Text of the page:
Regardless of territory or religion, different ancient civilizations used intermittent fasting and were fully aware of its effectiveness.
In ancient Indy, Greece, and Egypt, the ancients used intermittent ‘fasting’ to treat certain diseases, but also as prevention.
They used it to strengthen the body, as intermittent fasting kicks off a set of processes in the body, as the release of more Norepinephrine, an organic chemical in the catecholamine family that functions in the brain and body as a hormone and neurotransmitter, giving the person practicing the fast more energy, alertness, and focus.
Even before the ancient Egyptians, Greek and Hindu, due to food scarcity our ancestors, hunter-gatherers, practiced intermittent fasting. Before agriculture, people ate what they could hunt when they returned home empty-handed, and wild berries were nowhere to be found, periods of starvation took place, and this greatly strengthened hunter-gatherers.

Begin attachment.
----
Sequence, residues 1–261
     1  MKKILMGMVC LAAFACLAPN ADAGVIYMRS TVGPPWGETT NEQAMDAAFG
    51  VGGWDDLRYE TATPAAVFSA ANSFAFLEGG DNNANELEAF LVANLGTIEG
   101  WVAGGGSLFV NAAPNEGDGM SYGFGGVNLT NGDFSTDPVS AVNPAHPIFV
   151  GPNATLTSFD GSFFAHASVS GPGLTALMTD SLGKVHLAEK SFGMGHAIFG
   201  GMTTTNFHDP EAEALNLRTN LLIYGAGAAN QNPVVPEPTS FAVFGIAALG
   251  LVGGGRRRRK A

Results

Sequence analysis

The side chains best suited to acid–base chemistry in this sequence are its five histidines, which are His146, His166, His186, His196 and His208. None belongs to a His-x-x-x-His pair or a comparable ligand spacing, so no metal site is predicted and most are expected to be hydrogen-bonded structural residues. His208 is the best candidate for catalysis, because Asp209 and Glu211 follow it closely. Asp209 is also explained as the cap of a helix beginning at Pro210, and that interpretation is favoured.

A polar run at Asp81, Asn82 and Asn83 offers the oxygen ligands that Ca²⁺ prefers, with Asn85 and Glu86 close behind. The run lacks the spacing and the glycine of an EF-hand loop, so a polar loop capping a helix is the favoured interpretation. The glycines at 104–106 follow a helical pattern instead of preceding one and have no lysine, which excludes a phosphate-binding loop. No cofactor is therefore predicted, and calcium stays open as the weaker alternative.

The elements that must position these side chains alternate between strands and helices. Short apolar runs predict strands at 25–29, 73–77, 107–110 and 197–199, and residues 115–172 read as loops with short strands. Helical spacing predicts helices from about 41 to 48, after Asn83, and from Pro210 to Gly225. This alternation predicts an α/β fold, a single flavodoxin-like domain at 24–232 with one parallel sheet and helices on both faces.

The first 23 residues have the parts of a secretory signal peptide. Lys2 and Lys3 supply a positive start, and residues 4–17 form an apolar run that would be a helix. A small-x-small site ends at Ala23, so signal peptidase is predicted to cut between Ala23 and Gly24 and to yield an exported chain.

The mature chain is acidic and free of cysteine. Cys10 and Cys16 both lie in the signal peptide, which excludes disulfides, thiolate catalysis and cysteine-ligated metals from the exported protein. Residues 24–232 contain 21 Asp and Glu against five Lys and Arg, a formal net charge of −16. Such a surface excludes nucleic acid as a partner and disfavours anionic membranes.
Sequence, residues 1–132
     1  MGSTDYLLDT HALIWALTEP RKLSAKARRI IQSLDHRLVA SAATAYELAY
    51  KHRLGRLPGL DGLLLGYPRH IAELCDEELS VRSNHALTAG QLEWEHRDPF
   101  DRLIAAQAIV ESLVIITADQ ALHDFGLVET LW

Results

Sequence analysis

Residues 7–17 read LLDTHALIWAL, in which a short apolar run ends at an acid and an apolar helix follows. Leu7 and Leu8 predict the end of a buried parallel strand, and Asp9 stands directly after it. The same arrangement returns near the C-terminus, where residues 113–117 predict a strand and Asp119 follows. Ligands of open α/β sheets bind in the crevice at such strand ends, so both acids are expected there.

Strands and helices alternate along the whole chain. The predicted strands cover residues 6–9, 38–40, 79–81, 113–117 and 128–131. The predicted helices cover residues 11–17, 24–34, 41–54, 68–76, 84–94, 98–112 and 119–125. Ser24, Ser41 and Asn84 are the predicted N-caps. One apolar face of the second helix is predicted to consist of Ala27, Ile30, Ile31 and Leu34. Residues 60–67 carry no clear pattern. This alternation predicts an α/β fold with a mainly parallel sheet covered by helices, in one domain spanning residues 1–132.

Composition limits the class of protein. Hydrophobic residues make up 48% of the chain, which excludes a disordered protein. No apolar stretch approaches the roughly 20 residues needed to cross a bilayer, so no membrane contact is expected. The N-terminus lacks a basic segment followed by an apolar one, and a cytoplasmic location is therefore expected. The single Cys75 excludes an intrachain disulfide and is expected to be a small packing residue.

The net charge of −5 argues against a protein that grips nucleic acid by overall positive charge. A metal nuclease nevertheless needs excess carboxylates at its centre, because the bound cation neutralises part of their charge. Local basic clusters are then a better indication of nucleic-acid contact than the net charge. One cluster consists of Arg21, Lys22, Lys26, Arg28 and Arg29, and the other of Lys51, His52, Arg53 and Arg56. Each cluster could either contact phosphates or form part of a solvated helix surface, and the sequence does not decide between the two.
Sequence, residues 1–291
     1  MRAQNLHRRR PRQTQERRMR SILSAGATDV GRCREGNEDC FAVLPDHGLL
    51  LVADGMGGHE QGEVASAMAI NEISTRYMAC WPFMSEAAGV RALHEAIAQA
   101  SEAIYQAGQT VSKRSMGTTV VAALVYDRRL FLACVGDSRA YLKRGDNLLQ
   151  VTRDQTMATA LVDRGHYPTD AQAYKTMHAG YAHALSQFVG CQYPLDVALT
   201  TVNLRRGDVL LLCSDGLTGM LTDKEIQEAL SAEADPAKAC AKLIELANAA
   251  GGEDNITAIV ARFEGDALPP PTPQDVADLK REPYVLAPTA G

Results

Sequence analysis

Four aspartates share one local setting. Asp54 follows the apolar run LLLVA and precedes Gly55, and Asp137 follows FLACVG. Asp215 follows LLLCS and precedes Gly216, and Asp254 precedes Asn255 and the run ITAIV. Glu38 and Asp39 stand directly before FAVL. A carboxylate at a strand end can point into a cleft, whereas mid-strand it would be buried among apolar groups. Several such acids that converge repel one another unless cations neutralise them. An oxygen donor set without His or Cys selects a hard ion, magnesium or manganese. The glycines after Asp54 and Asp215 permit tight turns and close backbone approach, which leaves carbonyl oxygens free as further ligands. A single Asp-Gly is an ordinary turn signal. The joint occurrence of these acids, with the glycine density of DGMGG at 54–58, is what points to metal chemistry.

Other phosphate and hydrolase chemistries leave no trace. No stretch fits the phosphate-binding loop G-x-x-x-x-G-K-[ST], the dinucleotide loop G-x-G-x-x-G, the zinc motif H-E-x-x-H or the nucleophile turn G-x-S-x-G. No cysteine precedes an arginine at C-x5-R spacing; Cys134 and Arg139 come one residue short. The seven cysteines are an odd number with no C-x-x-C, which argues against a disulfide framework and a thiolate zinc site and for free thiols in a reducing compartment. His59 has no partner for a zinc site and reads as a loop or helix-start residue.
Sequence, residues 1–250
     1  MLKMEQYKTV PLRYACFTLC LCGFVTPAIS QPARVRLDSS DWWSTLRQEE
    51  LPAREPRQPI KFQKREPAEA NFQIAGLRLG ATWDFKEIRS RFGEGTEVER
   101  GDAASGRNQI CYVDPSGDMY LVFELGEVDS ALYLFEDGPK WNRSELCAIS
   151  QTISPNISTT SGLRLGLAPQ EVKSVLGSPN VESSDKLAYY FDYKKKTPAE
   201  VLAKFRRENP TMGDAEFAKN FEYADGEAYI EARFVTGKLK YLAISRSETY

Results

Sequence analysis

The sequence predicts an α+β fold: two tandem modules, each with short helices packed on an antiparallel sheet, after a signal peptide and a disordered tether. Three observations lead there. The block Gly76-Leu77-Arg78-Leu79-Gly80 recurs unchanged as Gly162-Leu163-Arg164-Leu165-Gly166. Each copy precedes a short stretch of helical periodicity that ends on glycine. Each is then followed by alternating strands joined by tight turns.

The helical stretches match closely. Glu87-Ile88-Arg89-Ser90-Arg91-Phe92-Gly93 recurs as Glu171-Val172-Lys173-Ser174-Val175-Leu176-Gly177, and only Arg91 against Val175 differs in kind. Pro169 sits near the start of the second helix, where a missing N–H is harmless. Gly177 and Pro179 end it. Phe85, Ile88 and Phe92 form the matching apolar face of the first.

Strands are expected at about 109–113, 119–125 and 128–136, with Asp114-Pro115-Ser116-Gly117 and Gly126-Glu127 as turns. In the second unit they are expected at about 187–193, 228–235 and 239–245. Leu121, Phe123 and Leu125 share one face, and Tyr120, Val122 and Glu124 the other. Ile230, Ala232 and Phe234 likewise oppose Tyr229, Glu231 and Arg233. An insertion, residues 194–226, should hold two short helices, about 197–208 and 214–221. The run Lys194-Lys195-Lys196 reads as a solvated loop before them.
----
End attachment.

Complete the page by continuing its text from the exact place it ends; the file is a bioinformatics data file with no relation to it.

If we take a look at the history of different religions and their connection with intermittent fasting, we find how Judaism has several annual fast days including Yom Kippur, the Day of Atonements; in Islam, Muslims fast during the holy month of Ramadan, while Roman Catholics and Eastern orthodoxy observe a 40 day fast during Lent, the period when Christ fasted 40 days in the desert.
A study, published in the journal Cell Metabolism details advances made in the research of mitochondrial connections and explains how intermittent fasting is crucial to increase lifespan. According to the researchers, dietary restriction and intermittent fasting have shown in the past to be able to help health during the years of old age, so understanding why this phenomenon occurs is a crucial step towards the therapeutic use of its benefits.